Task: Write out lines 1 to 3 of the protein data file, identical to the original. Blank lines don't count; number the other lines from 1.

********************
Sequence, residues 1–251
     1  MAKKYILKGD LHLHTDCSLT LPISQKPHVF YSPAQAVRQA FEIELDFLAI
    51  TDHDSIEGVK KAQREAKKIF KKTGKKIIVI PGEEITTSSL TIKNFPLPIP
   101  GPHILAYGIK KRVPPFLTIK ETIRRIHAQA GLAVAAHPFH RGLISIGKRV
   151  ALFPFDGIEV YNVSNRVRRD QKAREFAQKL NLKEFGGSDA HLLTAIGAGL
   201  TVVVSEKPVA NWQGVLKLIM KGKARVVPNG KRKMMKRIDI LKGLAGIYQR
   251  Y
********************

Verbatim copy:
Sequence, residues 1–251
     1  MAKKYILKGD LHLHTDCSLT LPISQKPHVF YSPAQAVRQA FEIELDFLAI
    51  TDHDSIEGVK KAQREAKKIF KKTGKKIIVI PGEEITTSSL TIKNFPLPIP